Comment: Careful handling can keep investments safe
AMONG the principal causes of the loss of trust in the financial sector in recent years has been the trend towards mass marketing and the hard sell of financial products.
It can masquerade as a personalised service, but it is nothing of the kind. The result is that, over time, people discover they have been sold inappropriate products or encouraged to buy a product for which they had no need. The more that sales targets are met at the branches, the greater the illusion that a particular product or service is popular or meeting public demand.
Just as dangerously misleading, from the company’s point of view, is the illusion that incentive-driven marketing of this sort in the branches has anything to do with personal service. Banks, as we have all learnt to our cost, were the worst offenders in mis-selling. But they were by no means alone.
Accompanying this was a belief that traditional companies could not survive on their own; that merger and consolidation were unavoidable trends in finance and that the world had just better get used to multi-purpose banks. This business model would sweep all before it. There seemed no place for the small, old-fashioned, traditional brokerage or financial advisory firm.
And so it proved until HBOS collapsed into the arms of Lloyds Bank, and Royal Bank of Scotland collapsed alongside. Both banks have recently faced hefty fines for the mis-selling of products, including payment protection insurance.
I set this out by way of a mea culpa for not acknowledging as emphatically as I should have done those smaller firms in the financial sector in Scotland that have maintained a traditional service and that have continued to flourish by doing so.
One such is Haddington-based McInroy & Wood. It has kept such a low profile you would be forgiven for thinking it a firm of timber merchants. And, when hearing that it is in fact a firm of personal investment managers, you would not be alone in assuming that this was some tiny sideline for a firm of accountants.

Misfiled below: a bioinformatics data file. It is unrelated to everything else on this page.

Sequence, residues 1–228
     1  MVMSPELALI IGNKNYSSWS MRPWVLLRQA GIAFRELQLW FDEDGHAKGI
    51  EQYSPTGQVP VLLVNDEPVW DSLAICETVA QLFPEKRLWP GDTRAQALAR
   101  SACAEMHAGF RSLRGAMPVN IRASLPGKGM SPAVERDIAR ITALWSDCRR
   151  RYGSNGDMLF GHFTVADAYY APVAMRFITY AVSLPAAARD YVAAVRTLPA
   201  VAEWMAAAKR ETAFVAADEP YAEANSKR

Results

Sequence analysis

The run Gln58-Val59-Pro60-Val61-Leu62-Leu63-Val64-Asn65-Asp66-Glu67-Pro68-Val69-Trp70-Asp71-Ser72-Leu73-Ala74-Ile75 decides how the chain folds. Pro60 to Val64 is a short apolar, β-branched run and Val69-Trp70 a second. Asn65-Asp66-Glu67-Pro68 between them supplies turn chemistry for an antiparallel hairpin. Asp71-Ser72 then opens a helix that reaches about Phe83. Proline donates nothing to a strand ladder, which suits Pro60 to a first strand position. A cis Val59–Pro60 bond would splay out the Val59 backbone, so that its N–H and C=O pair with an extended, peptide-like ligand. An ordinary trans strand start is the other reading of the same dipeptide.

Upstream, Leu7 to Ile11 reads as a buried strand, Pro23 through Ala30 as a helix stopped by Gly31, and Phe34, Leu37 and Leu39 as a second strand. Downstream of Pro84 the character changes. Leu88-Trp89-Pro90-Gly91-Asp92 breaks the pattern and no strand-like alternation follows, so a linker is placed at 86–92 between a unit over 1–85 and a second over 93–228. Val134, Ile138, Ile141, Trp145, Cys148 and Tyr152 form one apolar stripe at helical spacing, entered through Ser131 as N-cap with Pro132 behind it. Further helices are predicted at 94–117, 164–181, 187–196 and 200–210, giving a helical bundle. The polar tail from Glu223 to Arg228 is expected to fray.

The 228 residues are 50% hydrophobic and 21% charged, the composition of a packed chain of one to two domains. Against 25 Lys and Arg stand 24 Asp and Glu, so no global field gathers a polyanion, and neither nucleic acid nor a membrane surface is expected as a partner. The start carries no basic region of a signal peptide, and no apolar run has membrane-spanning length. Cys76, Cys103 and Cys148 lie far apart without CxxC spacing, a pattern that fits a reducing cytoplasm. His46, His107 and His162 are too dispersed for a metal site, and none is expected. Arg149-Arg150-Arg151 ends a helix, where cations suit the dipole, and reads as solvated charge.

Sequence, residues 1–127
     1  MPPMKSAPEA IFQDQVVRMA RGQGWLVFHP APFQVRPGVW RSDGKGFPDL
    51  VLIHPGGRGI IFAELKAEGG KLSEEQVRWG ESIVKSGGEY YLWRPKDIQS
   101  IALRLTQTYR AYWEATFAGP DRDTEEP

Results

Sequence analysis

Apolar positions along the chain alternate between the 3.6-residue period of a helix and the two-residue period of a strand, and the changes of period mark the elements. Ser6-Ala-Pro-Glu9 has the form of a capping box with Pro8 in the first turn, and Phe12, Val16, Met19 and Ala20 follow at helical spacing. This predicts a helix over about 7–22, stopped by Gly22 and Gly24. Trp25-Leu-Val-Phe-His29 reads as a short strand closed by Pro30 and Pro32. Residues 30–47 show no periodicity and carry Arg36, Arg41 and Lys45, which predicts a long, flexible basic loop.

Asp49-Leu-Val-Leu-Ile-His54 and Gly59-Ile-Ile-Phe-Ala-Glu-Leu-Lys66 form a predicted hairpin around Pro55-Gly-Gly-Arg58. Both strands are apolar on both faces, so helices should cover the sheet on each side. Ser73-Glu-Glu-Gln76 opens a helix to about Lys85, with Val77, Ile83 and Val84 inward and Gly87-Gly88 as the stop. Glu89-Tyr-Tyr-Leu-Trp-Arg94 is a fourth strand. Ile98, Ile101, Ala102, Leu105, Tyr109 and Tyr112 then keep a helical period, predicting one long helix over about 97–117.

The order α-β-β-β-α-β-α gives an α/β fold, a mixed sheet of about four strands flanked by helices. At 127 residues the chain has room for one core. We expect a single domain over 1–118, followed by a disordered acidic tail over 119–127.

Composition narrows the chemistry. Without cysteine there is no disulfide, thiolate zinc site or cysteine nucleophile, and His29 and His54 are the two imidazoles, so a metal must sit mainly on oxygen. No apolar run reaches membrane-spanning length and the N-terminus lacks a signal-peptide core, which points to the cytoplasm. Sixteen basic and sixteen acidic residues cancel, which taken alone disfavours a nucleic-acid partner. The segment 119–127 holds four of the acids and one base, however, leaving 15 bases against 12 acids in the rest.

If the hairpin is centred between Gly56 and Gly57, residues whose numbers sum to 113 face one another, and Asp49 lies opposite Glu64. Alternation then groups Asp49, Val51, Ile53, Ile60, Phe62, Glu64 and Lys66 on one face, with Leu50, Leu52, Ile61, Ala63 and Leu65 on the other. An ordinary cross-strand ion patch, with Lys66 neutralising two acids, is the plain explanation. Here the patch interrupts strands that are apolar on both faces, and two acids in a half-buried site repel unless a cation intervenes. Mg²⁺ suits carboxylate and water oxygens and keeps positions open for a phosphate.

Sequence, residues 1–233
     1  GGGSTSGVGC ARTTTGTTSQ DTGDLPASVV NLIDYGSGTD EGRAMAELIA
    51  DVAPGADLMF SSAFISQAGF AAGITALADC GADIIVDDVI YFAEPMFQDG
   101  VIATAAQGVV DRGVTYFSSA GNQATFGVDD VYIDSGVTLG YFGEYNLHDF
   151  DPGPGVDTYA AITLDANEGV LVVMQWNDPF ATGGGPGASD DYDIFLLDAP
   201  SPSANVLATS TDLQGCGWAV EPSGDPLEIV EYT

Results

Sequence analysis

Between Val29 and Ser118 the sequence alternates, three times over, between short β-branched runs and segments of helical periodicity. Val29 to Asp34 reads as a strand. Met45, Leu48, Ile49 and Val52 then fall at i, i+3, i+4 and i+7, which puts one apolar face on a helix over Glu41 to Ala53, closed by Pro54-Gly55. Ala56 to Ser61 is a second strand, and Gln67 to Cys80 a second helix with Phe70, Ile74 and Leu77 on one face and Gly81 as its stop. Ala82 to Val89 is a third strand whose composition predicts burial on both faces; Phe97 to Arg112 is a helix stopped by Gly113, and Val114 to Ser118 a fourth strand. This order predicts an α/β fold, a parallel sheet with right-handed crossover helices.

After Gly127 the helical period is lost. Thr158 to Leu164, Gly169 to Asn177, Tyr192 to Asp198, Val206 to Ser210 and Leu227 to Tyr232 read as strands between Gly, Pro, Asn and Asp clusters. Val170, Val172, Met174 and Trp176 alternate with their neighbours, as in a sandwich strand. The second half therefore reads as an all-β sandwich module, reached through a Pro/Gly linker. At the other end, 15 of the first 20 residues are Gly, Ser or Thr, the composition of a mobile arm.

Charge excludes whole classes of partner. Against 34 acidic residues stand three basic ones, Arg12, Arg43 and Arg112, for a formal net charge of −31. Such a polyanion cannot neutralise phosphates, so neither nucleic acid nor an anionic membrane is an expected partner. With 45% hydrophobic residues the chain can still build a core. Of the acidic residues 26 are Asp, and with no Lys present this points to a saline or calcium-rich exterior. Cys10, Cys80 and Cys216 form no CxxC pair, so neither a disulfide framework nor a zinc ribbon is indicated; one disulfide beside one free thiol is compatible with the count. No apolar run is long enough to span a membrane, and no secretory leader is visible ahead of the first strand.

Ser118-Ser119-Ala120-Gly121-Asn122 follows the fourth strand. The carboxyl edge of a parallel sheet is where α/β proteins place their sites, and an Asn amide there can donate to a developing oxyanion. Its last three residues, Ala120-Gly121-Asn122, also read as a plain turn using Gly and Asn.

In fact, McInroy & Wood is one of the leading private investment managers in Scotland. It has funds under management in excess of £720 million. It owns and manages four unit trusts listed in The Scotsman. And these funds have been turning in a consistently superior performance.
You will not see in the firm’s introductory brochure one of those cliché-ridden lookalike “mission statements” that have spread like hideous algae across the corporate world. But it has several key principles of which it is rightly proud: genuine independence; concentration on private clients; personal attention and regard for reputation and performance.
It offers individual portfolio management services – at 1 per cent plus VAT – and pooled portfolio services. The two most popular unit trusts are the income fund – yielding 3.1 per cent – and the balanced fund. Both have alternated between first- and second-quartile performance over the past year. These funds are ranked third and fifth respectively in their IMA categories by return on investment over ten years.
Not that the other two funds have been laggards: the smaller companies fund has achieved an annualised return after fees over the past ten years of 13 per cent and the emerging markets fund 11.3 per cent over five years.
I was accorded a rare interview last week with the firm’s chief executive, Tim Wood, and co-founder Victor Wood. As one might expect, Victor places considerable store not only on length of experience in financial markets – he has more than 45 years – but also an ability to build relationships of confidence with individual investors.
Indeed, at the heart of this firm is a culture derived from traditional Scottish investment trust management: applying professional competence to global investment undertaken directly and managing clients’ money as if it were one’s own.
The funds each have an average of 60 to 70 holdings, this figure falling to 45-50 for the smaller companies fund. There is low portfolio turnover and the average length of a shareholding in the funds is six years. Capital preservation is the principal goal.
“Over the past 30 years,” Victor tells me, proffering from the files a sheaf of elegantly written and impressively perspicacious notes to clients, “we have got the major inflection points right: the slump in bonds in the 80s, the tech boom and bust in the 90s and the bank bust.”
The result has been superior above-average performance over long-term periods and a steady increase in clients.
He adds: “You would be surprised at the number of senior people in the financial sector who pursue high-risk strategies in their professional jobs but who come to us wanting the opposite – a cautious approach and emphasis on capital protection.”
McInroy & Wood can fairly lay claim to being an absolutely typical Scottish financial business of the classic kind; unostentatious, committed to personal service and discreet to the point of invisibility. The Rolls-Royce may be kept under a tarpaulin. But the engine under the bonnet turns in a superior performance.
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Weather for Edinburgh
Saturday 25 May 2013
Temperature: 5 C to 17 C
Wind Speed: 13 mph
Wind direction: West
Temperature: 8 C to 17 C
Wind Speed: 14 mph
Wind direction: West